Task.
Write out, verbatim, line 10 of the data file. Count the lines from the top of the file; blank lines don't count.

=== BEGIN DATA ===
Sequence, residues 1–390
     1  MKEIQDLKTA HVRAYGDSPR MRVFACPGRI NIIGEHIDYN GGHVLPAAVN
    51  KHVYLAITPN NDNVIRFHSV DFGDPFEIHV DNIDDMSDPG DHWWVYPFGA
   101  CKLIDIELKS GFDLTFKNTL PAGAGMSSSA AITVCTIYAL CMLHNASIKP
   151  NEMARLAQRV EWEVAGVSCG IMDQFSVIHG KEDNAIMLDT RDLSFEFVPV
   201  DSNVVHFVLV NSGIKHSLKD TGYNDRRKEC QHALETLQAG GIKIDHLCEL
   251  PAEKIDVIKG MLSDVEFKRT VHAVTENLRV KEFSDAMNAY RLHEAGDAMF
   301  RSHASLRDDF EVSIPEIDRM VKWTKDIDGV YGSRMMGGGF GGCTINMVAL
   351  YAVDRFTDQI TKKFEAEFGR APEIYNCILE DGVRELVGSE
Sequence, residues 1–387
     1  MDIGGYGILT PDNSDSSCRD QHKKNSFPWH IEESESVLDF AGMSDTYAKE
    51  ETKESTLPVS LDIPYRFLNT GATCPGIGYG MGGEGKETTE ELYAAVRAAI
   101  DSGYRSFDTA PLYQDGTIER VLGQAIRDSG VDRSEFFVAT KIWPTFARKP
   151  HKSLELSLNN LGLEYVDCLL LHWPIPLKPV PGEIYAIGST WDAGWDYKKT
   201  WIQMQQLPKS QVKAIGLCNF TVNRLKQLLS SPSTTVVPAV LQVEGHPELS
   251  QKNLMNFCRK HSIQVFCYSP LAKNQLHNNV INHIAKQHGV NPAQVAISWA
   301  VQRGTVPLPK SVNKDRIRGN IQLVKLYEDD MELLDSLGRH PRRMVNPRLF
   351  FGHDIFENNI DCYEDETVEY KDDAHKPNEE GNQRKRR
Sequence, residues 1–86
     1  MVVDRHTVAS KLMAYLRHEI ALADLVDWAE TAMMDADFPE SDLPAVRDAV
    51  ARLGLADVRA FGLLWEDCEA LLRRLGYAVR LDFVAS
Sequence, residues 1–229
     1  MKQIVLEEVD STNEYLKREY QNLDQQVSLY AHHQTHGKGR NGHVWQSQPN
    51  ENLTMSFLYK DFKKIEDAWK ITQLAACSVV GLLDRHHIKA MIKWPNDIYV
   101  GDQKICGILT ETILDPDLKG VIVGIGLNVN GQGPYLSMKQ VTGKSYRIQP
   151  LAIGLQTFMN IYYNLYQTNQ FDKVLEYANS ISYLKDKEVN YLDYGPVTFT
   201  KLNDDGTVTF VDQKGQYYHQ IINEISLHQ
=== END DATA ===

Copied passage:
Sequence, residues 1–387